Idlib camps: Tents for rent, cost beyond ability

A camp for the displaced in the town of Harbanoush in the northern countryside of Idlib - April 8, 2023 (Enab Baladi/Iyad Abdul Jawad)

A camp for the displaced in the town of Harbanoush in the northern countryside of Idlib - April 8, 2023 (Enab Baladi/Iyad Abdul Jawad)


Enab Baladi – Idlib

On private agricultural land, hundreds of displaced people in northwestern Idlib region have been forced to establish random camps to house themselves and their families in exchange for paying rents that increase their suffering and burden them with additional burdens.

Although land rents vary according to the region, the proximity of the land to city centers, and its quality, whether it is mountainous or flat, most families suffer difficulties in securing rent, especially in light of the ongoing displacement crisis for years and the dependence of many of them on humanitarian aid.

Hussein, a displaced person from the eastern countryside of Idlib, pays $100 annually in exchange for a piece of land on which he and his family set up four tents in the town of Kafr Bani in the northern countryside of Idlib, he told Enab Baladi.

On the other hand, one of Hussein’s relatives, who resides near Harbanoush, north of Idlib, pays $30 for a space on which he and his family can set up one tent.

Aid for shelter

“We sell the little aid we receive to pay the rent,” said Majed al-Talib, briefly explaining the only way he can maintain the only shelter for himself and his family.

Al-Talib, a displaced person from the countryside of Aleppo, has been living with his wife and five children in Harbanoush camp in the northern countryside of Idlib for three years.

The young man used to work in agriculture before the displacement, but he could not find a job opportunity that would secure him a stable income that would cover his needs and his family’s.

Al-Talib’s suffering is not different from that of Abdullah al-Hamid, as the latter and his family of ten depend entirely on humanitarian aid.

Al-Hamid told Enab Baladi, “Payment is in dollars, and we have no income even in (Syrian) pounds,” complaining about his inability to secure the rent for the land on which he erected his tent years ago.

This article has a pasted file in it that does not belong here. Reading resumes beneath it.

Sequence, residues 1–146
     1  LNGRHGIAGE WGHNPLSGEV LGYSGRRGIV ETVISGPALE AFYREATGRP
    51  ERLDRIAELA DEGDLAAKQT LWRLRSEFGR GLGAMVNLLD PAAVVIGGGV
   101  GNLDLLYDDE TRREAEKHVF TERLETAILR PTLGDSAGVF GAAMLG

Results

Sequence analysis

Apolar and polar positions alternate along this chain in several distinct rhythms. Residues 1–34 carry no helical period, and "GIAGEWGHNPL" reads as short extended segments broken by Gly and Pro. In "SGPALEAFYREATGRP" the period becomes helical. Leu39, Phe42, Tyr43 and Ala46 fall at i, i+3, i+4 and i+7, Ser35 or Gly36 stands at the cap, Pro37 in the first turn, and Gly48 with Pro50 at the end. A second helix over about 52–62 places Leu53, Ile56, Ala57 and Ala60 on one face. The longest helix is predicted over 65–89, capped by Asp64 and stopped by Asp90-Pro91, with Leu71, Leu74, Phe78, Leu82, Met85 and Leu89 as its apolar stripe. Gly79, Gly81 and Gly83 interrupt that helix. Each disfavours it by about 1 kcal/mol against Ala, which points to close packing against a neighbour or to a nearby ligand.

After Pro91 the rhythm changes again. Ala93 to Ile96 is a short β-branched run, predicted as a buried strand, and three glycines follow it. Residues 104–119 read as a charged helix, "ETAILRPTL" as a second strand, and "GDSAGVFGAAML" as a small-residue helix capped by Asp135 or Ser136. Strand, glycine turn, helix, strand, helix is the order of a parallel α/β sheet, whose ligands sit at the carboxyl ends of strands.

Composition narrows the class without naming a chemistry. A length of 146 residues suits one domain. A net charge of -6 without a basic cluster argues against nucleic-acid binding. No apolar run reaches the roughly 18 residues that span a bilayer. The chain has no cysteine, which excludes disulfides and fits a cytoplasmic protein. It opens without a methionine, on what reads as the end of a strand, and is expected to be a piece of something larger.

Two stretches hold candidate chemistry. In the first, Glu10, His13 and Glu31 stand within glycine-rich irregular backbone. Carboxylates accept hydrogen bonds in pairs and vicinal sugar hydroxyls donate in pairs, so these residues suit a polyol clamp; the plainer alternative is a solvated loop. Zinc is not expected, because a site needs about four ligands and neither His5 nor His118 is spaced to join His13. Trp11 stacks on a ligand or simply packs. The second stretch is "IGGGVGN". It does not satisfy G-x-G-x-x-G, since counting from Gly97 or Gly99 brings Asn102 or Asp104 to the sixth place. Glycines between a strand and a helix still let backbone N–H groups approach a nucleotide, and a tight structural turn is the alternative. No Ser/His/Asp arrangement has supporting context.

He added that landowners raise rents periodically, which exacerbates the rent crisis.

The best available

For various reasons, most notably the proximity to basic services and city centers, many displaced people prefer to stay in camps built on private lands, says the IDP Majid al-Talib.

Although moving to camps on public lands is available for many people, Abdullah al-Hamid believes that staying on private lands is “the best available.”

He attributed this to the ability of families to stay with their relatives in the same camp, while most of them are forced to separate if they choose to move to organized camps.

Al-Hamid fears that he will share the camp with people he does not know, as this may result in many problems, he says.

Solutions by local administrative body

Abdullah Sammaq, official at the Development Ministry in the Salvation Government, told Enab Baladi that the rents are determined by an agreement between the landowner and the camp’s residents on a regular basis.

The Camp Planning Office monitors rents based on the contract between the landlord and the tenant, said Sammaq, who heads the Camp Affairs Department at the Humanitarian Affairs Directorate.

The Camps Affairs Department is working on getting rid of the phenomenon of random camps by transferring them to organized concrete camps, according to Sammaq.

The camp residents have been suffering for years from a lack of securing many of their needs, especially food, water, and sewer services.

According to estimates by the UN Office for the Coordination of Humanitarian Affairs (OCHA), the number of people in need of humanitarian assistance in northwestern Syria reached about 4.1 million people, including 3.3 million suffering from food insecurity, 2.9 million IDPs, and 1.9 million IDPs living in camps.

Enab Baladi’s correspondent in Idlib, Iyad Abdul Jawad, contributed to this report.


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